If content is king, Netflix (NASDAQ:NFLX) and AT&T's (NYSE:T) HBO are both serious contenders for the Iron Throne. Netflix walked away with four Oscars during last night's Academy Awards, including its first feature film-related wins. The world's leading streaming service had previously emerged victorious only in documentary categories. 

HBO is no lightweight when it comes to accolades for its growing video catalog. If you weren't catching Netflix collecting trophies last night, you might've been distracted by the haunting season three finale of True Detective on HBO. If not, HBO will be a hot topic by the water cooler in a few weeks when the final season of Game of Thrones gets under way. 

Netflix has been one of the market's hottest stocks over the last several years. You can't buy into HBO directly, but you can buy into its new parent company AT&T. There are some advantages and disadvantages of buying AT&T if you're looking for an HBO play, but let's go through the motions of sizing up Netflix and AT&T -- two stocks that I own personally -- to see which one is the smarter bet for the coming year.

The cast of Fuller House in a convertible car near San Francisco.

Image source: Netflix.

Worlds apart

Netflix dominates the premium streaming video market with nearly 140 million subscribers worldwide. As large as Netflix is, it has managed to accelerate its revenue growth in back-to-back years, though the pace did slow to 27% in its latest quarter -- and decelerating is likely to continue into 2019. There are some serious advantages to Netflix's scalability, especially now that more than half of its membership base is located outside of its home U.S. market.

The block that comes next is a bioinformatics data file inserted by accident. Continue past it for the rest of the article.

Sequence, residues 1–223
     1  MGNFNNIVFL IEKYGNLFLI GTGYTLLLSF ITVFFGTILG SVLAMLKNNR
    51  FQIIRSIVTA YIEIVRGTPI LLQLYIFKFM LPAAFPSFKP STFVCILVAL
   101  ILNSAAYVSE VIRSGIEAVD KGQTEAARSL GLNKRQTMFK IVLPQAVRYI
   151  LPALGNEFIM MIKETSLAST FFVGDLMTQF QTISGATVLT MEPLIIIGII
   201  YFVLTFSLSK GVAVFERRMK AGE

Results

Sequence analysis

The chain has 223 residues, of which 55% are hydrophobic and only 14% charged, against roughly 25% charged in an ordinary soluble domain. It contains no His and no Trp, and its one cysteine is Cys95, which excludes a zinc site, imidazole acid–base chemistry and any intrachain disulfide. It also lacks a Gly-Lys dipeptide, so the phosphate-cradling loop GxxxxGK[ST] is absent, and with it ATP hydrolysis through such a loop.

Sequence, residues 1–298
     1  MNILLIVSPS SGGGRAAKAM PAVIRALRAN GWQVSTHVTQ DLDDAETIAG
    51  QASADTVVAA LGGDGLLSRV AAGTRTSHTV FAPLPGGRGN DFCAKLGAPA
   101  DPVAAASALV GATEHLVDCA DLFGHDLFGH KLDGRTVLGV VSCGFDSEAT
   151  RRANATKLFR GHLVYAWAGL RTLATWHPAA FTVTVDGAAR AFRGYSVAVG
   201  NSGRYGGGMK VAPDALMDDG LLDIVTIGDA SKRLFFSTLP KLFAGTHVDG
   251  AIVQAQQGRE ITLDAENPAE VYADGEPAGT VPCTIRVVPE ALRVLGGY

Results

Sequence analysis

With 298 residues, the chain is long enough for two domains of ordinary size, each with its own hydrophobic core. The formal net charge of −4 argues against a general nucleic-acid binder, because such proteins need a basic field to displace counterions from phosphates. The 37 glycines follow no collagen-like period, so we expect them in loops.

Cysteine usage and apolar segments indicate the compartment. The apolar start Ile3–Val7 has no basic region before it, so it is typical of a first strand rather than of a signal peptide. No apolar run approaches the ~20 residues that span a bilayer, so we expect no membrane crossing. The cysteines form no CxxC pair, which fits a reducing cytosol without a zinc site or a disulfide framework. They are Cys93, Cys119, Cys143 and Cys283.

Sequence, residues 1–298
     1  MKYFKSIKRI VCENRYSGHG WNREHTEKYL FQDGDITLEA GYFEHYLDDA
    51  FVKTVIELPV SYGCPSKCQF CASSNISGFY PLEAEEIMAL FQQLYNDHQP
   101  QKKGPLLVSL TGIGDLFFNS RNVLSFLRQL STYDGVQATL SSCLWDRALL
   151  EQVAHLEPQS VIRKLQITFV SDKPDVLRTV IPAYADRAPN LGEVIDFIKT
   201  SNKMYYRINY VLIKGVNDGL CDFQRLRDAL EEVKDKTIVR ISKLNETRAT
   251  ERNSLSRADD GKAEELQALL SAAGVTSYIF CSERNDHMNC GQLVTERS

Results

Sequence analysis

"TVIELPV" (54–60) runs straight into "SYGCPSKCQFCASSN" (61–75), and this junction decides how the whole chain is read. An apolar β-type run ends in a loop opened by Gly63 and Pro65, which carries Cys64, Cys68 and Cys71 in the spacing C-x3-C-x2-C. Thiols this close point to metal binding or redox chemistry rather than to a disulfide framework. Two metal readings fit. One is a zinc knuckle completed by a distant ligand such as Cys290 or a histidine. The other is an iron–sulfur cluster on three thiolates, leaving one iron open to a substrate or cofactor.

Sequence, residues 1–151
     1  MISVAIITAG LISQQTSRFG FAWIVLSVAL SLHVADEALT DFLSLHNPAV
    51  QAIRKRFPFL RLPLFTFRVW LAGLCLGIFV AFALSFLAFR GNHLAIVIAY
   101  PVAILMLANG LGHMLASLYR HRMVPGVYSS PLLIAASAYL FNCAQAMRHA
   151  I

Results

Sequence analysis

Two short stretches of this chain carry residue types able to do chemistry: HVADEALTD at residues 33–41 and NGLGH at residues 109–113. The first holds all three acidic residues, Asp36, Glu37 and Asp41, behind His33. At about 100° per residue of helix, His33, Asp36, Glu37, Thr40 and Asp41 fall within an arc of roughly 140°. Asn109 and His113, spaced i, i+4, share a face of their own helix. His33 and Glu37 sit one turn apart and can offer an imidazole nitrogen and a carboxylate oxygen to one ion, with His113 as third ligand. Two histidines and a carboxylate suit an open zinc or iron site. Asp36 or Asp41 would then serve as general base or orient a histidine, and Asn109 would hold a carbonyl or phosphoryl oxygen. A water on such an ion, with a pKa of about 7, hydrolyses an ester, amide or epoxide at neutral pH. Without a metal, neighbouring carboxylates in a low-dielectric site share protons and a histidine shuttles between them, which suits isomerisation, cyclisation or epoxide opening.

Folks continue to flock to Netflix despite aggressive pricing moves. Netflix has increased the rate for its most popular streaming platform four times over the past five years, surging 63% in that time. AT&T in general and HBO in particular can't really afford to do that, especially since Netflix remains cheaper than HBO's monthly streaming service. 

Buying into AT&T as way to get in on HBO has its advantages. AT&T has a beefy dividend yield of 6.5%, and it has a long tradition of increasing its payouts. AT&T's diverse collection of businesses can also help smooth out any lulls that may happen in HBO viewership. However, that's pretty much all of the positives. On the downside, you have a business that is weighed down by its legacy wireline business and the recent sluggishness at DIRECTV, where subscribers are cancelling at an alarming pace. The non-HBO growth vehicle at AT&T is its healthy wireless business, as well as some of the Time Warner assets that are part of the HBO family. 

The sum of all of AT&T's components remains flattish core revenue growth, but profits remain more than plentiful to cover the generous -- and growing -- dividend. Netflix isn't going to be declaring distributions anytime soon, but its capital appreciation in the past has obviously outweighed its quarterly trickle of dividend checks. 

Check out the latest AT&T and Netflix earnings call transcripts.

Neither company is in a perfect place right now. AT&T may run into some integration hiccups in absorbing HBO parent Time Warner into its bloodstream, and flat organic growth isn't exciting. Netflix stock isn't cheap, and its near-term free cash flow is being held back by big investments in content and platform expansion. Both stocks still have the potential to beat the market in the year ahead -- as I mentioned earlier, I do own both -- but with the recent momentum and success at Netflix, the dot-com darling has to get the nod as the better buy.